Professionals in profile

March 8, 2013
This article was published more than 2 years ago.
Est. Reading Time: 2 minutes

Liz Delaney / The Silhouette


Tucked away in the basement of the newly risen Phoenix, Bridges, the vegetarian/vegan restaurant caters to alternative tastes. “It’s a growing need. More and more people are making these choices,” said Leigh Laidlaw, its award-winning chef.

“I (also) get a lot of people who have dietary restrictions (because of) allergies, gluten intolerance, celiac disease, lactose intolerance...”

The most popular items are the chili, soy chicken nuggets and sweet potato fries. “But I like the Aloo Gobi,” said Leigh, “a potato and cauliflower curry. And I love the lentil curries  - over rice, pretty simple, very good for you and tasty.” Leigh will be doing a demo in April on how to cook easy healthy vegan meals (see MacFit for details).

Fresh out of school, chef papers in hand, Leigh moved to San Francisco to hone his skills in the cradle of the California cuisine movement. As a result he is passionate about fresh, local, organic and seasonal.

“Seasonal is huge. Unfortunately the academic year revolves pretty much backwards around the growing season. I’ll use a lot of Ontario root vegetables in the fall and winter because they’re local and they’re good. In fact, I just made roasted butternut and cinnamon soup earlier today.”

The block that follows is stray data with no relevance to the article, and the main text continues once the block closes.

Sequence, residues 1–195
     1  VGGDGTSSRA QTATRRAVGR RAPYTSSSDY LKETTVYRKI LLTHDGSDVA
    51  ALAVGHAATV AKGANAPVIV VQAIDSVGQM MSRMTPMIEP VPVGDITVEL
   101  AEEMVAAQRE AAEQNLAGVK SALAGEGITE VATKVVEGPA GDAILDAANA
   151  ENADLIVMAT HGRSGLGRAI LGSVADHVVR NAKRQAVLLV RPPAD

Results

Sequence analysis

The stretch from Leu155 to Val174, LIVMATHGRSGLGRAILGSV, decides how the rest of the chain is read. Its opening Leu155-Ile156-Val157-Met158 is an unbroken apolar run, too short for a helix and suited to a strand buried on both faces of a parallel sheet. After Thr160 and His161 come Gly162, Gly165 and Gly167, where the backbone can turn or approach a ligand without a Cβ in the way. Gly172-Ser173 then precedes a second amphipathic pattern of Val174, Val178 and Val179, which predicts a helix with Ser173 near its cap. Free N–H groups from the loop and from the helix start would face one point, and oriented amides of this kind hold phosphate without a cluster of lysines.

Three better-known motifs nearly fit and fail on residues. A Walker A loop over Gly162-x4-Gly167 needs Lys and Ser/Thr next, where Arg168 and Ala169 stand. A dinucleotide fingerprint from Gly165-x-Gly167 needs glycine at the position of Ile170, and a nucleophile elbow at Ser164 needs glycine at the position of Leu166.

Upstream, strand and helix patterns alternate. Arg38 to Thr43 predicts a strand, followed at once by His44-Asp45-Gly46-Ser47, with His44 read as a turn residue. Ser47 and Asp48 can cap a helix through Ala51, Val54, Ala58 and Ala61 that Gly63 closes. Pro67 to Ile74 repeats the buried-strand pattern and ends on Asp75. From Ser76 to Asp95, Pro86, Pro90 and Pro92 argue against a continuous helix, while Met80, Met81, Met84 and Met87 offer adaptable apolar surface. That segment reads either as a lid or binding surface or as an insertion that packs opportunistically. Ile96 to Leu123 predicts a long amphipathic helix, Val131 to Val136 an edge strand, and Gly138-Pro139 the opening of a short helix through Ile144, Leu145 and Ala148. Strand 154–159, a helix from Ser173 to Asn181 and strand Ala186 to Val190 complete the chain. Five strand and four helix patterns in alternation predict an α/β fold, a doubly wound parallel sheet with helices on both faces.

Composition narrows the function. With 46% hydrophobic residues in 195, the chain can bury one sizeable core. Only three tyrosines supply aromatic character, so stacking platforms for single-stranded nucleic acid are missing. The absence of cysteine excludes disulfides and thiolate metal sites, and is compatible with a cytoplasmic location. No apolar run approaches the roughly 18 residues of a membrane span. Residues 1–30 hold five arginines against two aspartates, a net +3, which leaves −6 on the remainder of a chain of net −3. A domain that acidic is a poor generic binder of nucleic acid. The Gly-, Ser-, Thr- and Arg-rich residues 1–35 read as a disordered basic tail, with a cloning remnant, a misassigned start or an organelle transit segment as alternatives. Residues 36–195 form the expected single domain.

Leigh features a different entree every day. “I [research] other universities and vegetarian restaurants around the world just to see what trends are big.” Then he experiments.

“And if I don’t like the way it looks chances are I’m not going to serve it. It’s got to be aesthetically appealing. More often than not you eat with your eyes so I try to make sure things are colourful as well as nutritionally balanced. You can’t just have a salad and expect to have enough sustenance for the day.”

Leigh won gold for his expertise in the 16th Annual Chef Culinary Conference. Campus chefs from across North America competed in teams of four and had 40 minutes after opening a ‘black box’ to design a menu that included every item. They were marked on everything, even their garbage. “They wanted to look at all your bones when you were finished to make sure you had butchery skill.”

“I enjoy putting together the menu compositions - I enjoy seeing the finished products.” And Leigh likes to interact with the students. “It’s good to get feedback, negative or positive. And that’s one thing – students are honest.”

Check out the specials and kosher options on Facebook, and to see, said Leigh, “if I’m making chocolate mousse or banana bread.”


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